1. Buyer didn’t like being worked over by the seller and listing agent during the negotiations, and is looking for any reason to cancel.
  2.  The house is in worse condition than expected.
  3.  Sellers won’t do enough to satisfy the buyers’ request for repairs.
  4.  HOA docs reveal conditions that are overly-restrictive.
  5.  The buyers’ family squashes the deal.

Our contracts create a legally-binding agreement, and the sellers are locked in – you can’t cancel.  Wouldn’t you want to do as much as possible to lock in the buyer before signing?

There are two easy things for sellers and listing agents to do to drastically cut down the chances of a sale cancelling:

  1. Have buyers also qualify with your lender of choice.  Deals can cancel later from lending factors that were unknown in the beginning, but typically those were unknown because the lender was inexperienced and didn’t see them coming.
  2. I love the new practice of sellers providing a pre-listing home inspection report.  Include the HOA docs, termite, and title report too – up front!

About the only thing left is the appraisal, but because you had an attractive price from the beginning, the value shouldn’t be too hard to substantiate.

I just had one where the inspector drove up in a $500 car, spent seven hours doing his inspection, and finally produced his written report a week later!  Of course, he says the house is falling down!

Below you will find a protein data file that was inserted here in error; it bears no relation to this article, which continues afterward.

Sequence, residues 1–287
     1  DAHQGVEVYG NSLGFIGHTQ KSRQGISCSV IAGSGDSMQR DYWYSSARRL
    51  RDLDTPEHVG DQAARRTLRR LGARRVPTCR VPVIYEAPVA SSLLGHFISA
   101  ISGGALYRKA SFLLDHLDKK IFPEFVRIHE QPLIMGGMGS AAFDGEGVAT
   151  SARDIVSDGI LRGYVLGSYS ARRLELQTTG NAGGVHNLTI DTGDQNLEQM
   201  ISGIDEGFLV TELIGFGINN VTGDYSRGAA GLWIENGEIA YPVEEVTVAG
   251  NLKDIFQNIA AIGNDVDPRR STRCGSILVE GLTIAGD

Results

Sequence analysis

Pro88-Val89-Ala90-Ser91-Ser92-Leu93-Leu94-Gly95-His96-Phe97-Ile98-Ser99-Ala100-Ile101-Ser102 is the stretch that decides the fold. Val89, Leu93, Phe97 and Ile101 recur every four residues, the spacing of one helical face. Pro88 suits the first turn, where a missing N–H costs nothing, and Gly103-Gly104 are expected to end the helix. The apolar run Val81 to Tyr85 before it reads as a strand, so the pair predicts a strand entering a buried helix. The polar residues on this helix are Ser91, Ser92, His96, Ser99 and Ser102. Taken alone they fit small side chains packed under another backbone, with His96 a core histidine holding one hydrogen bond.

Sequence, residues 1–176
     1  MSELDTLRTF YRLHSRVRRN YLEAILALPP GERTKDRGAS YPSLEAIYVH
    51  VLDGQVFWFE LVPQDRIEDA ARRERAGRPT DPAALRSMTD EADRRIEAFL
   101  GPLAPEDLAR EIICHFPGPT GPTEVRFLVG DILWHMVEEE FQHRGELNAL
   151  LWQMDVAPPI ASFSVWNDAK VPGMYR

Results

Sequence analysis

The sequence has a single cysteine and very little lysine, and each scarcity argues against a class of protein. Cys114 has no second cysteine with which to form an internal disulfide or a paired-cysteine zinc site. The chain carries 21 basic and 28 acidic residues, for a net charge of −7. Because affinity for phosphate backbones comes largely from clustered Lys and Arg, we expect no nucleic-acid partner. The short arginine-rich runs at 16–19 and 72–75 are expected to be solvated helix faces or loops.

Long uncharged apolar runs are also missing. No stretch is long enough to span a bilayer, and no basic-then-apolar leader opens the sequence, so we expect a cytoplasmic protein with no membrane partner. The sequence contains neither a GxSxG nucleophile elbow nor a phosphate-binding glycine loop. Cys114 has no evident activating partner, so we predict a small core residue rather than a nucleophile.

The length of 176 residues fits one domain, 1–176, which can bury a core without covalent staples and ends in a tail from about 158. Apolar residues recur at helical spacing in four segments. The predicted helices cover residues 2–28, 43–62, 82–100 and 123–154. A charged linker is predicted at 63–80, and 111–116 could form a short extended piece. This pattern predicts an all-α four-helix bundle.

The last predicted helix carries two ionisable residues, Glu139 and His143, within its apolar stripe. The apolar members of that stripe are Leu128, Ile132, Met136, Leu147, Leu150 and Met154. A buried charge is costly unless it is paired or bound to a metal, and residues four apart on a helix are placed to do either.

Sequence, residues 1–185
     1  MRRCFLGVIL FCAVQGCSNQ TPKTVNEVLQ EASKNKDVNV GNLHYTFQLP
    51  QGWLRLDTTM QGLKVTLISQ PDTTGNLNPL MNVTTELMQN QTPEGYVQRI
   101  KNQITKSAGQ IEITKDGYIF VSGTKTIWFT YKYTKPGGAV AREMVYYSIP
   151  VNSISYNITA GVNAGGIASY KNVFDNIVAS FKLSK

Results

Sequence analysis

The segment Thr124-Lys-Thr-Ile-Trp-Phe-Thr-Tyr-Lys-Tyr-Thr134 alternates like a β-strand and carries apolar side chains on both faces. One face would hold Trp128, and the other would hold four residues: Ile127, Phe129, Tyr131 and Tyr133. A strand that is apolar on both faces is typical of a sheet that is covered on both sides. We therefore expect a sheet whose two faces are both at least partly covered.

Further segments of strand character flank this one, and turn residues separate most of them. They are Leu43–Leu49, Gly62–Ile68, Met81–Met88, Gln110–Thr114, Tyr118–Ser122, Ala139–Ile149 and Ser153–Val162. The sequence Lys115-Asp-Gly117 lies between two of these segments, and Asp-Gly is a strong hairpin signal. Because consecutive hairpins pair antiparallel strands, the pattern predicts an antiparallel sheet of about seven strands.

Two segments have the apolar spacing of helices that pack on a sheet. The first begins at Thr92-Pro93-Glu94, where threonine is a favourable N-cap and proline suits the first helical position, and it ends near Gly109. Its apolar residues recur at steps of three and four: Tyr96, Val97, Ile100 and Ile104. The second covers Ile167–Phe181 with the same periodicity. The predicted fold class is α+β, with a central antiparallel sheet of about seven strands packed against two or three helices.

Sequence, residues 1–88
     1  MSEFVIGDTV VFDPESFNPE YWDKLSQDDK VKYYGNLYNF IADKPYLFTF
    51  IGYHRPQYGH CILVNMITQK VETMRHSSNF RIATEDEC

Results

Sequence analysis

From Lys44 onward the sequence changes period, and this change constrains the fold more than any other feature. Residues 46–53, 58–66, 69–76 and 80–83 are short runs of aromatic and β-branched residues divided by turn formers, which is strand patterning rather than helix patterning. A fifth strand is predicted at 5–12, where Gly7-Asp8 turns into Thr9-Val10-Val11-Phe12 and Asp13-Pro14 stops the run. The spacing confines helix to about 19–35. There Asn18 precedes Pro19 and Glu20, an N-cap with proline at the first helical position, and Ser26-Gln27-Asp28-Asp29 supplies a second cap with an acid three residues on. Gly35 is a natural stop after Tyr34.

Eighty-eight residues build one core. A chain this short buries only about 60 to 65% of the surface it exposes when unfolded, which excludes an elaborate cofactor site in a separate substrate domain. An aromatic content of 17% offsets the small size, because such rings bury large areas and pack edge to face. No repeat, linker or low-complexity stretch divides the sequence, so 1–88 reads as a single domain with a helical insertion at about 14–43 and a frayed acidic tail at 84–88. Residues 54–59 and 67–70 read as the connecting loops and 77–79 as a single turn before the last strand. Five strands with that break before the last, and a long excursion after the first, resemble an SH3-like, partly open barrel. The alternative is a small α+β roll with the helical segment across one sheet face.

This sale hasn’t cancelled yet – we are busy on supplying our own reports and demonstrations to offset the inspector’s findings.  I should have gotten my own report in the beginning!

We’ve been doing it backwards all these years – supplying the due-diligence materilas from the start is a great way to avoid cancellations!

Posted by on Aug 3, 2016 in Jim's Take on the Market, Listing Agent Practices, Tips, Advice & Links, Why You Should List With Jim | 3 comments

Comps Are Tricky


Summer is wrapping up, which is a tricky time of the year to estimate the value of a home using comps from the last six months.  Sellers and agents are happy to tout that they “have comps”, but those sales from the hot spring selling season may not translate the same in the off-season.

Here are the concerns with using springtime comps in the fall:

  1.  More competition = slightly higher prices in spring.
  2.  Buyers expect softer prices in the off-season.
  3.  Buyers have seen the comps – have you?
  4.  Any newer comps will offset, and be more important.

Besides……if you ‘have comps’, then why isn’t it selling?

At first, most sellers are addicted to getting more than the last guy.  But as weeks or months go by, you have to re-calibrate – ‘having comps’ isn’t enough.

Greed can be blinding though, and sometimes it’s just a matter of a few percentage points.  Here’s a recent example:

A house was listed in the high-$900,000s, for which the sellers had paid in the $500,000s a decade ago – and their loan amount was lower.

The listing agent boasted that not only did they have comps, but they had already received four offers, the highest of which was $950,000.